nor of my GitHub account (I assume that they googled my name and got it
from my company's website).
I do not wish to have my private software projects liked to my
company's email account, but have no means on contacting the publisher
on PyPI nor uploading an updated version of the package's metadata
since I am not the owner of the PyPI project.
Is it possible for an administrator to at least change my email address
on PyPI to my private one?
And now for something completely different
I've implemented PEP517 support for the SCons-powered build system
"enscons", quite possibly the most different pip build backend
available. It should be able to build itself and rsalette (another
enscons-using package) using pep517. Note the newly required
env.Default() that enscons needs to return the target filename to pip.
Due to SCons limitations enscons may not be able to build .tar.gz
sdists on Windows.
enscons is an experimental Python build system that runs on top of
SCons, a Makefile replacement. It is able to build C. It should be
much easier to customize than a setuptools-based system. I originally
wrote it so that I could experiment with the wheel format without
having to hack on setuptools.
It might be useful to you if you have a package that has a complex
dependency tree of generated code between the source and whatever ends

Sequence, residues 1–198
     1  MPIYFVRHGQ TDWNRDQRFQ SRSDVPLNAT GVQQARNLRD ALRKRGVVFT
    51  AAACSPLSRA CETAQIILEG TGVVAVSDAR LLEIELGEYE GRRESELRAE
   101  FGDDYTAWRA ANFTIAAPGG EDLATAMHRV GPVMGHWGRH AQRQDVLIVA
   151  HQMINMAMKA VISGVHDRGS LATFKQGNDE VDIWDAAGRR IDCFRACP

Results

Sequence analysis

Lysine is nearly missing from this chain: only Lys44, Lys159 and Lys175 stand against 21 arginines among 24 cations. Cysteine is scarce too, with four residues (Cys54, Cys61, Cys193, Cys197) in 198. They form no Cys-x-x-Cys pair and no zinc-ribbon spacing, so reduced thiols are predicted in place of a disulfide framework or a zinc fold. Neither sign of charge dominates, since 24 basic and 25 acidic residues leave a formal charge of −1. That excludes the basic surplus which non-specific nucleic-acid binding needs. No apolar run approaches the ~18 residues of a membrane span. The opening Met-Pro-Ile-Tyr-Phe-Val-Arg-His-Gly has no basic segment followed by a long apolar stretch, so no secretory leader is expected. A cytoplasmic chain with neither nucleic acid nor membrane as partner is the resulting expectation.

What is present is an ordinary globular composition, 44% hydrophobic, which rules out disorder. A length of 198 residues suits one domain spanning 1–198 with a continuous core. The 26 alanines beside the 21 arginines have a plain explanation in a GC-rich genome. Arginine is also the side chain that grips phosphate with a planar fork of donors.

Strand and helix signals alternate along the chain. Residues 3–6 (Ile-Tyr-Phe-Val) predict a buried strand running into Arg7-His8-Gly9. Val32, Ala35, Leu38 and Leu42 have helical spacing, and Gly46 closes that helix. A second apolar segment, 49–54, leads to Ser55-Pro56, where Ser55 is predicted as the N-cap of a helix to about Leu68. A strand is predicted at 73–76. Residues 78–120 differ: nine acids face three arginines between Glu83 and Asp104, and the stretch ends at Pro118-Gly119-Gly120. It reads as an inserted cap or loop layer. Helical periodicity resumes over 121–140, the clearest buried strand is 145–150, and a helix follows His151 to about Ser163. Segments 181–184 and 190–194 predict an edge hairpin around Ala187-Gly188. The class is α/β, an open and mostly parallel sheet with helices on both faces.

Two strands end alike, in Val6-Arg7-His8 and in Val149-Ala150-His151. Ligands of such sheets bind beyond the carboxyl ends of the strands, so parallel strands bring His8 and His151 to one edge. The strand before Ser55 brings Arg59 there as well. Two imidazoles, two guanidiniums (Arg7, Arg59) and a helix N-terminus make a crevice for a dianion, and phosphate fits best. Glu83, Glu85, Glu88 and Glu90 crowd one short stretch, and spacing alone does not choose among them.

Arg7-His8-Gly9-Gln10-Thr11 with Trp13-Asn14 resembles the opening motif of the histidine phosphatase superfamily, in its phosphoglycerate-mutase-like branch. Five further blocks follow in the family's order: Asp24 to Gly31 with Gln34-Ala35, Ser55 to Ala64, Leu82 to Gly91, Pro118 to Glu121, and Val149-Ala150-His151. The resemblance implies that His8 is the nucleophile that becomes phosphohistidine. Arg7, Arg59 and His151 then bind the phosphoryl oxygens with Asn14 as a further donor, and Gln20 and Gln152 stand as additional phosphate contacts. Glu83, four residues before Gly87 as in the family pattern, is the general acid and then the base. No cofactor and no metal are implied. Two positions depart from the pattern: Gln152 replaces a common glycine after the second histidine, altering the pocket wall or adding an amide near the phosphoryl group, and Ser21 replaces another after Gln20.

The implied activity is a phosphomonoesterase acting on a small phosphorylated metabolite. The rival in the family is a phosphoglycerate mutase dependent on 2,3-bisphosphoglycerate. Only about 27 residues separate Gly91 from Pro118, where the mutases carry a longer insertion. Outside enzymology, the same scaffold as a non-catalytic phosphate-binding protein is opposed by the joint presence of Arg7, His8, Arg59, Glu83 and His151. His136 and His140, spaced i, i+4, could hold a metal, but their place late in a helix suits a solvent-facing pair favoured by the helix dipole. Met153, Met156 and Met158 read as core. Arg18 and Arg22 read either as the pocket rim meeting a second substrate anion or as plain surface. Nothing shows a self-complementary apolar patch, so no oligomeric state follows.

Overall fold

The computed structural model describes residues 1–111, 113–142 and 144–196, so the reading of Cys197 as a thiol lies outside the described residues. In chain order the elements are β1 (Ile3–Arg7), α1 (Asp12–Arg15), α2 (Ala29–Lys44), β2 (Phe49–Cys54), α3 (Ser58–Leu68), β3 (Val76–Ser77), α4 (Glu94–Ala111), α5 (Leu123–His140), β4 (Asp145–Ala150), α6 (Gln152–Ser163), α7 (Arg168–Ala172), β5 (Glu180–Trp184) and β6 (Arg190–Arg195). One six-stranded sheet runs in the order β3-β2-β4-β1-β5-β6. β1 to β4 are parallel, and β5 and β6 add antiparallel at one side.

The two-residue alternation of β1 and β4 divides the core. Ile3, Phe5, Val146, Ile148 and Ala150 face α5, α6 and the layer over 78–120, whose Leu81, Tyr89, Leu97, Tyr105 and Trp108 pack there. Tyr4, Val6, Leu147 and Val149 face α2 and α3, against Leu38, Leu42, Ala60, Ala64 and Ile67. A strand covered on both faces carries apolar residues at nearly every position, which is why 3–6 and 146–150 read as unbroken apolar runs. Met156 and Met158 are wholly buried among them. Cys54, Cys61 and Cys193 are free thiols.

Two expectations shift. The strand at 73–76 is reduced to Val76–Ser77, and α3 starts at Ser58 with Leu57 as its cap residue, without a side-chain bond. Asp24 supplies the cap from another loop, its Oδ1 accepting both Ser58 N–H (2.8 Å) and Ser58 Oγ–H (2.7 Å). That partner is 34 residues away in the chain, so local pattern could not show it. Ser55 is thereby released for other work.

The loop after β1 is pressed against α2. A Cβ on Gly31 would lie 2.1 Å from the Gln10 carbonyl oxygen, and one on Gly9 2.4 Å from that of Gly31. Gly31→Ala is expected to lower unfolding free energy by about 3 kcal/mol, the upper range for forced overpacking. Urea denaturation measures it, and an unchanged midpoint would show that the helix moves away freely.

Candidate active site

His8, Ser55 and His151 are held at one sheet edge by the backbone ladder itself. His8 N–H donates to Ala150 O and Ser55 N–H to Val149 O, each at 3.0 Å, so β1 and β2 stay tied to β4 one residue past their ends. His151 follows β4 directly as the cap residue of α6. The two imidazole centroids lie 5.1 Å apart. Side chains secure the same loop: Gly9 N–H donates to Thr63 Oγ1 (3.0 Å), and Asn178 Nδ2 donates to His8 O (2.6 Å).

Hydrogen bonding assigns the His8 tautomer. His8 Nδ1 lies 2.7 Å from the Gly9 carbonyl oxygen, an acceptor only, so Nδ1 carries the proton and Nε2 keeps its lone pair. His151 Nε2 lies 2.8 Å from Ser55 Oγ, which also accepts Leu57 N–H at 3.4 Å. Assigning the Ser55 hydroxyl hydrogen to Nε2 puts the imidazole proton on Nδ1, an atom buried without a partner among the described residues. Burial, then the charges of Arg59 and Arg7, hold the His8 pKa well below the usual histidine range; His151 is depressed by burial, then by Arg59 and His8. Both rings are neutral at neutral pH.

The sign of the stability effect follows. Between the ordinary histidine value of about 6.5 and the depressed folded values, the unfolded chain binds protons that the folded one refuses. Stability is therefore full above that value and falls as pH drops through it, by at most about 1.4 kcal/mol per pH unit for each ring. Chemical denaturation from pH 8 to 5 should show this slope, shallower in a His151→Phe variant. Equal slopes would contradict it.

up in the wheel, if you want to build more than one wheel from a
single source tree, or if you have other needs that just don't fit
enscons also has a setup.py emulation that supports "setup.py develop".
The pep517 package is pretty cool. Thanks!
I would call these pep517 powered builds "pluggable".
Apologies if this is not the proper channel for the following question.
I have a project that I would like to post on PyPI that clashes with an existing project that I believe may be abandoned (https://pypi.org/project/toybox/#description). According to this PEP (https://www.python.org/dev/peps/pep-0541/) it appears that the appropriate course of action is to attempt to contact the owner of this namespace and find out if they will transfer ownership to me. In the section of the PEP that discusses prior art, there is a reference to cc'ing folks from npm when analogous issues arise over in JS land. It isn't clear to me from this PEP or its resolution what the proper procedure for pursuing ownership of a claimed, but possibly abandoned namespace is for PyPI. Is there an email address I should cc when contacting the namespace owner? How does one initiate an official request for an abandoned namespace?
PhD Candidate, College of Information & Computer Sciences
University of Massachusetts Amherst
I've recently released version 0.2.9 of distlib on PyPI . For newcomers,distlib is a library of packaging functionality which is intended to beusable as the basis for third-party packaging tools.
The main changes in this release are as follows:
* Updated default PyPI URL to https://pypi.org/pypi.
* Relaxed metadata format checks to ignore 'Provides'.
* Fixed #33, #34: simplified script template.
* Fixed #115: Relaxed check for '..' in wheel archive entries by not checking filename parts, only directory segments.
* Fixed #116: Corrected parsing of credentials from URLs.
* Fixed #122: Skipped entries in archive entries ending with '/' (directories) when verifying or installing.
* Commented out Disqus comment section in documentation.
A more detailed change log is available at .
Please try it out, and if you find any problems or have any suggestions for improvements,please give some feedback using the issue tracker!